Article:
News: OMA has presented a vision to transform a former tobacco plant in Louisville, USA, into a hub for growing and selling food, featuring an edible garden, a coffee roastery and a recycling centre (+ slideshow).
The New York office of Rem Koolhaas' architecture firm plans to overhaul the vacant 10-hectare industrial site to create a new community facility to support local farmers and the agricultural industry, called the Food Port.
Working in partnership with nonprofit organisation Seed Capital Kentucky, OMA plans to create a zigzag of new buildings that will frame indoor and outdoor farming areas, as well as retail spaces and distribution facilities.
The edible garden will occupy one corner of the site, creating a landscaped area filled with flowers, herbs, seeds, berries and plants – all of which can be eaten.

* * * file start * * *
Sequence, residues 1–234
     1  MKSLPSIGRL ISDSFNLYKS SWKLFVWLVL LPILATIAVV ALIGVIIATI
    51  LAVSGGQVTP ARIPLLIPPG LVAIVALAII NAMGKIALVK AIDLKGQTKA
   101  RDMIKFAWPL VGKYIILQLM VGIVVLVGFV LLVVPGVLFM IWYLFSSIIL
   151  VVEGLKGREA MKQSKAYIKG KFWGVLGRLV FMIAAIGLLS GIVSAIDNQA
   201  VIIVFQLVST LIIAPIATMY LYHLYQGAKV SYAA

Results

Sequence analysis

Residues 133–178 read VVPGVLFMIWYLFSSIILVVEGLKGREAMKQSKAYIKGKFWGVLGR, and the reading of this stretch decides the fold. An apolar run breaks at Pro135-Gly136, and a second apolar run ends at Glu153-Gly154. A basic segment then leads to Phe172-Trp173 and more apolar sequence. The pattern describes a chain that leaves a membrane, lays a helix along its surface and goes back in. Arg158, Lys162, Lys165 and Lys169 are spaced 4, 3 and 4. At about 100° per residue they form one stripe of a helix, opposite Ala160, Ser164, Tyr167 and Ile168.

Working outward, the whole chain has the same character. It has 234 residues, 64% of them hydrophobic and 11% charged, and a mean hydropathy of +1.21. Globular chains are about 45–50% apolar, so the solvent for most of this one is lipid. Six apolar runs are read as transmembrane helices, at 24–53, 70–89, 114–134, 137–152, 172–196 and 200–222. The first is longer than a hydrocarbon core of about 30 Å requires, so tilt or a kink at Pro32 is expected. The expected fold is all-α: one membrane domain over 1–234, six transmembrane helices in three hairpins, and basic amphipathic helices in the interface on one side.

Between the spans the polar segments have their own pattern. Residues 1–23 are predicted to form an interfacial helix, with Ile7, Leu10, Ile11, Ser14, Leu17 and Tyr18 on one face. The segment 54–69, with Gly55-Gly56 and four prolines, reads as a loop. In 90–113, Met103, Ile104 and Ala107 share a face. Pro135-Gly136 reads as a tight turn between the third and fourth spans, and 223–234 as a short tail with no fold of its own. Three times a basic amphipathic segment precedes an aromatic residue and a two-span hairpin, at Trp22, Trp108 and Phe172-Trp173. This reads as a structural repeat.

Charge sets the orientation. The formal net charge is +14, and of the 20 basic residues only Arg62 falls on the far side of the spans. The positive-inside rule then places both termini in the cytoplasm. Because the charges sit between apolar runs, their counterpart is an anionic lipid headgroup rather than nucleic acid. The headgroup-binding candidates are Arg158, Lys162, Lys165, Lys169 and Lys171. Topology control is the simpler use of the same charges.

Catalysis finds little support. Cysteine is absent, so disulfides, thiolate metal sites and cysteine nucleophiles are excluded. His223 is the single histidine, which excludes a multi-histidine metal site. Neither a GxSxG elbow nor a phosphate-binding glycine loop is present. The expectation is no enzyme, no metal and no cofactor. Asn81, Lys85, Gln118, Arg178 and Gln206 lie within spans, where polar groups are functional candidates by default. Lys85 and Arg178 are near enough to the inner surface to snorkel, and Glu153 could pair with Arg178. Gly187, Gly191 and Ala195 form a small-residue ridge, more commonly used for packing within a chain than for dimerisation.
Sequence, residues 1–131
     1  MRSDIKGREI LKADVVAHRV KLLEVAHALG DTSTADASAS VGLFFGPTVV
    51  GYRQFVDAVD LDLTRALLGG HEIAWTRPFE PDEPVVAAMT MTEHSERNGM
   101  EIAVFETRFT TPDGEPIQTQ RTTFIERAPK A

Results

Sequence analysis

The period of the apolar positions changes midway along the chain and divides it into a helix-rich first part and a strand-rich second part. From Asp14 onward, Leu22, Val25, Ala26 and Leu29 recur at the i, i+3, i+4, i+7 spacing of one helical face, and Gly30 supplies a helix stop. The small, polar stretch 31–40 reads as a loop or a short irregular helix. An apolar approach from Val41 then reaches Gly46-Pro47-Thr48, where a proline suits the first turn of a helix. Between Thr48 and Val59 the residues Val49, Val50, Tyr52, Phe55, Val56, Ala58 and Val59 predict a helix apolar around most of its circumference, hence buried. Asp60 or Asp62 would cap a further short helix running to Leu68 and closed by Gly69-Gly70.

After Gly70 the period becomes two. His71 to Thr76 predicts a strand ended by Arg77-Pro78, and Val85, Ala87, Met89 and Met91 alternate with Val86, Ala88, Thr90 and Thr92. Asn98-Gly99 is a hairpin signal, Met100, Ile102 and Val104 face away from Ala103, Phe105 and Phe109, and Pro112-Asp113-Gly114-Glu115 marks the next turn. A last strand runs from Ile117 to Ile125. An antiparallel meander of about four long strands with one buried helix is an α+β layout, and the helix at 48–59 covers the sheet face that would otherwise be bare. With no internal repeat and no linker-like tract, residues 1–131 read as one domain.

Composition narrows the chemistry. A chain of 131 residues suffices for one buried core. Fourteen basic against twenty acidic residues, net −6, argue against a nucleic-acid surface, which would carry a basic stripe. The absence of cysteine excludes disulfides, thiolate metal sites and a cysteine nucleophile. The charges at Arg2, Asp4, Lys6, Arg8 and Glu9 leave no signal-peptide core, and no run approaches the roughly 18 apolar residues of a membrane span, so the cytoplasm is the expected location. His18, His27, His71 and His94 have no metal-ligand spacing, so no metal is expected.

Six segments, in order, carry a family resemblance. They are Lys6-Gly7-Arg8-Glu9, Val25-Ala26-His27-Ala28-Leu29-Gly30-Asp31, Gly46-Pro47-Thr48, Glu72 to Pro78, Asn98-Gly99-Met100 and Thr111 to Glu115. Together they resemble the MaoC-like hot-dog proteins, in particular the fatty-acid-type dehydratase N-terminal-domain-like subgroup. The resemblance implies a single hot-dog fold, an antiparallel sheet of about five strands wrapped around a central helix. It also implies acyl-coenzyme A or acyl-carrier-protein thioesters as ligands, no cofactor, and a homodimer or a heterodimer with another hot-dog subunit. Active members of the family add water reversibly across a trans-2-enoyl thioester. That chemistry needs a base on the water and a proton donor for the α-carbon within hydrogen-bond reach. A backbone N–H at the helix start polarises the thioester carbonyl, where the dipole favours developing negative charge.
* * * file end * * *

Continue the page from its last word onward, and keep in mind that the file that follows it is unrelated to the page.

There will also be a market square where farmers can sell fresh produce; a kitchen incubator for startup catering and wholesale food businesses; a farming demonstration area and accompanying classrooms; a library and a retail area for food trucks.
"The diversity of program reflects the full food chain, as well as a new foodscape of public spaces and plazas where producers and consumers meet," said OMA partner Shohei Shigematsu, who leads the firm's New York office.
"The Food Port acts as a catalyst to activate the surrounding neighbourhoods, exemplifying one of the complex urban relationships between architecture and food that our studio is investigating," he added.
The West Louisville Food Port will represent a £300 million investment, intended to create 200 new jobs for the local community.
The proposed site is located off 30th Street in West Louisville, and is bounded by Market Street and Muhammad Ali Boulevard. The project is expected to break ground this summer, and OMA envisions that the facility could also expand in the future.